“There is no time to lose, you [Luhansk’s regional residents] should leave right now,” said Serhiy Haidai, head of Luhansk’s regional defense command, in a public statement.
He also mentioned that not one hospital in the region he governs has been left unscathed by Russian projectiles, with each one having suffered damage.
The southeastern Kharkiv regional town of Izyum is still contested. But Popasna has ever since 2014, following Russia’s initial invasion, been divided between Ukrainian and Russian forces.
Western intelligence officials, including from the Pentagon and Britain, say that Ukraine is shifting forces toward the east to resist Moscow’s objective of taking over the rest of the eastern regions.
NATO chief Jens Stoltenberg said over the past week that Russia’s war could last for years and that Putin still wants the “whole of Ukraine.”
He added that “Putin can end it [the war]immediately if he withdraws his troops and stops attacks on an independent sovereign Ukraine, and seeks a political solution at the negotiating table. But, at the same time, we must be realistic and understand that this may take a long time, months, or even years.”
Ukrainian forces have valiantly fought off the Russian military, which is more superior in number, and it has inflicted heavy casualties that Moscow has not acknowledged.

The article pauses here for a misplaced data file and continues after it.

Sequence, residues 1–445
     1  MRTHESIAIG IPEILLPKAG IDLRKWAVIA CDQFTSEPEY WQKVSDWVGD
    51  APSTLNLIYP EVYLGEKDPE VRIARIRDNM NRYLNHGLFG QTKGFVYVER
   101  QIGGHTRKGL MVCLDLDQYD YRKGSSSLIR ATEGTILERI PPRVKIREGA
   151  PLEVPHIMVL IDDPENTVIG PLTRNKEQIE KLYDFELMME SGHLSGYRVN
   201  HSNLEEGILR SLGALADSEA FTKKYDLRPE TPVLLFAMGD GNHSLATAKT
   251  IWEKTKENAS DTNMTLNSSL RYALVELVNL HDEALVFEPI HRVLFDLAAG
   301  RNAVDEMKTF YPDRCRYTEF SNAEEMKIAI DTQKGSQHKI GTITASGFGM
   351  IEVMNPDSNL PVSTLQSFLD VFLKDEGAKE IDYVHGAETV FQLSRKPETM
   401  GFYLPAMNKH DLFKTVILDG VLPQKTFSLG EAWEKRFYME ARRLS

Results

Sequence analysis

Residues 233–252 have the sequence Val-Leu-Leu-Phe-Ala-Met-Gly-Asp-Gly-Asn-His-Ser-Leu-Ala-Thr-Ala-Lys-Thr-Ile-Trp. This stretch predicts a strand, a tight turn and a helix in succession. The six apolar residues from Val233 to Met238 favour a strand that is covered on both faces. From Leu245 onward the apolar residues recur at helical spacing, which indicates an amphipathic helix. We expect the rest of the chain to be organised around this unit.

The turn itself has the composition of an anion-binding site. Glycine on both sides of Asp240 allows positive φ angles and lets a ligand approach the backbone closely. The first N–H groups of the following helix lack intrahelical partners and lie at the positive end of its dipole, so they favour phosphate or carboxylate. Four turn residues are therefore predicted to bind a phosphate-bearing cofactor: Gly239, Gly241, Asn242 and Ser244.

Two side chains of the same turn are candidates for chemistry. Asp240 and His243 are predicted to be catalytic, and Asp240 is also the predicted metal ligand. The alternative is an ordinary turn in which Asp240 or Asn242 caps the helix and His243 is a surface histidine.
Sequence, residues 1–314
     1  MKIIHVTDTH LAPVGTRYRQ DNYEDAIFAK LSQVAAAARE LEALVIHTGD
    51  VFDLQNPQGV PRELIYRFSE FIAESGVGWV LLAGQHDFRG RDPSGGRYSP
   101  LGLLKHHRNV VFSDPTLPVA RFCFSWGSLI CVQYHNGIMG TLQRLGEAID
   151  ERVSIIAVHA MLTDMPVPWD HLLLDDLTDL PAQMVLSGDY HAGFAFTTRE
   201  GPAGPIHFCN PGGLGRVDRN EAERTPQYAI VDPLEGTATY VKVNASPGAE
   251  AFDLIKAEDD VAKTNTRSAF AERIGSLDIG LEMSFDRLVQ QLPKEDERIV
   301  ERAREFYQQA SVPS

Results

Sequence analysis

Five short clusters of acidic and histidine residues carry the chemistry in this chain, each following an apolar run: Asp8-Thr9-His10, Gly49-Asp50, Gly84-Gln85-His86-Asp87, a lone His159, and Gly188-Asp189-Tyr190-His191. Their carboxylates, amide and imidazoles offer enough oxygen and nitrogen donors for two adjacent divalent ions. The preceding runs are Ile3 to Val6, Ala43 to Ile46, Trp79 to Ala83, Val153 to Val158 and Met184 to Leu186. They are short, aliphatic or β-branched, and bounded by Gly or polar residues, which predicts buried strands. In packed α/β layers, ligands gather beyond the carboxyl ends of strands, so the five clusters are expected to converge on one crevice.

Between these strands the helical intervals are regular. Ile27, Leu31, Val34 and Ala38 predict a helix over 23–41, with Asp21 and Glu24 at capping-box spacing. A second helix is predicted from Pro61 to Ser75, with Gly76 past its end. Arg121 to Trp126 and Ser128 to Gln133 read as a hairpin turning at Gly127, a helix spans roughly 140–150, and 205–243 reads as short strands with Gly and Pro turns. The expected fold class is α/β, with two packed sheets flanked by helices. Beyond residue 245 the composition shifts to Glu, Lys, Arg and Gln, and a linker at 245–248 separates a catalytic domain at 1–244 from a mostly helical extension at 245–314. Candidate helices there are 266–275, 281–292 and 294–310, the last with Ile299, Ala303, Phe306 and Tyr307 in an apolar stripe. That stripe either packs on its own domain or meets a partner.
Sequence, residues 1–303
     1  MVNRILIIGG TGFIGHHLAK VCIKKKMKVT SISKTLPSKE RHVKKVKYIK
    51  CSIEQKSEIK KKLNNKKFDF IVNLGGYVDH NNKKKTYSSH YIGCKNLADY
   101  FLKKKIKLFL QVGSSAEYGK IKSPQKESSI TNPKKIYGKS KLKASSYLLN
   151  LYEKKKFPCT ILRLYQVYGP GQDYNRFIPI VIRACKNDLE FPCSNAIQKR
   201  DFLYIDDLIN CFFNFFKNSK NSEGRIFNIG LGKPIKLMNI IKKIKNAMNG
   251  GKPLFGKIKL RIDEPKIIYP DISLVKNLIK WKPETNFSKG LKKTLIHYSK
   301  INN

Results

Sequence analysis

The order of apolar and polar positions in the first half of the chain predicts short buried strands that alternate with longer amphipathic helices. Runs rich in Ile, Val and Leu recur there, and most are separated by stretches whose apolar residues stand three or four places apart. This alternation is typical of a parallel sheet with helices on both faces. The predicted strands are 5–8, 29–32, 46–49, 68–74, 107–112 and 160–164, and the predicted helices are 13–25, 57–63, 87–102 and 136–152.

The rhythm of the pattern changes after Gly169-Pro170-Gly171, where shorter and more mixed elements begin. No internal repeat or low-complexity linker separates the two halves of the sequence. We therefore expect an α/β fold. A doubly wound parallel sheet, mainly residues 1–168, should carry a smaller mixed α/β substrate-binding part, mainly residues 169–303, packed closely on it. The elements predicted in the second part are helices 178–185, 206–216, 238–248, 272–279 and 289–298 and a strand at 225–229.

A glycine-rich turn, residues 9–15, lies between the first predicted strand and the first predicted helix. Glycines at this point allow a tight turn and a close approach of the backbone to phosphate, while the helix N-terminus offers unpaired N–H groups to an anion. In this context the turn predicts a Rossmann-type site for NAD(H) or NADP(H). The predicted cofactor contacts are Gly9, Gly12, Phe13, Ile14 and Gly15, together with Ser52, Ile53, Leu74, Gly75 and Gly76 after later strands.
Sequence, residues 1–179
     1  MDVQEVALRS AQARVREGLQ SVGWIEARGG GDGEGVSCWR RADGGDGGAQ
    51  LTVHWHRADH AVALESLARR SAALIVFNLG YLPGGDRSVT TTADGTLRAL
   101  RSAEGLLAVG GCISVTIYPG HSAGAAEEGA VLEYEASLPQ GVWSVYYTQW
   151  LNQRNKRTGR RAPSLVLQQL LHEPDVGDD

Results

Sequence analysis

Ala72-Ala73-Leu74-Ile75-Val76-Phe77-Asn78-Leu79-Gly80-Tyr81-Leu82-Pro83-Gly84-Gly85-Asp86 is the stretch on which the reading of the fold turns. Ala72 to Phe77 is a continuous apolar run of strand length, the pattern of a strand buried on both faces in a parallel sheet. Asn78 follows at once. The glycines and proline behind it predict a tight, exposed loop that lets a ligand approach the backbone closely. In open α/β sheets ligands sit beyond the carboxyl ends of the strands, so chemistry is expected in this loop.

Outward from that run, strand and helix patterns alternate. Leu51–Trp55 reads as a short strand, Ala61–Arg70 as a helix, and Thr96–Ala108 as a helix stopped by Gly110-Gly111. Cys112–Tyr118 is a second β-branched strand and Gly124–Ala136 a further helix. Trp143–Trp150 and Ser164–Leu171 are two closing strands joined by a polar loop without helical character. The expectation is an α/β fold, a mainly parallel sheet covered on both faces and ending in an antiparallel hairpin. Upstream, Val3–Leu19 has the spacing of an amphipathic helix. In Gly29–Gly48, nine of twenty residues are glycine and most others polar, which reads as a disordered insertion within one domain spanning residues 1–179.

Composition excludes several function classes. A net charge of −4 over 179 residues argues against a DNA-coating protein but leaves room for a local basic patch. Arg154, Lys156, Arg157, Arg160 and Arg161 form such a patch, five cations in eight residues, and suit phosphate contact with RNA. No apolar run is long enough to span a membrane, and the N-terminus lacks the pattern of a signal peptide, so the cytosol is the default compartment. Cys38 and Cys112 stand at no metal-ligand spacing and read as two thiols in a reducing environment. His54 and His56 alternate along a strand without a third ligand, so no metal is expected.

Ukrainian President Volodymyr Zelenskyy also isn’t disclosing combat losses despite visual open-source evidence of figures on both sides available on social media platforms.
Kyiv says that Russia has lost more than 600 tanks and 18,000 military personnel.
The heroic, and to some surprising, ability of Ukraine’s military to resist the Russian onslaught has been attributed to eight years of training with Western military personnel. It has also been attributed to the weaponry Ukraine has received from abroad to keep Russia at bay.
U.S. General Mike Milley announced that 60,000 additional anti-armor weapons are being delivered to the war-torn country. And U.S. Secretary of State Antony Blinken said the country will have 10 anti-tank weapons to every one Russian armor unit.
Unconfirmed reports say that British anti-vessel Harpoon rockets have been delivered to the southern Black Sea port city of Odesa and the United Kingdom’s NLAW anti-armor killers are already being used by Ukraine’s military.
The Czech Republic is confirmed to be sending weapons, including tanks, while the U.S., according to The New York Times, is sending so-called suicide drones. It is also training Ukrainian personnel on how to use them.
Donetsk’s second-largest city of Mariupol is still besieged and Ukrainian forces hold central areas of the city, but they are divided into three different sectors.
Speaking to the Greek parliament on April 7, Mr. Zelenskyy said the “city is almost destroyed.”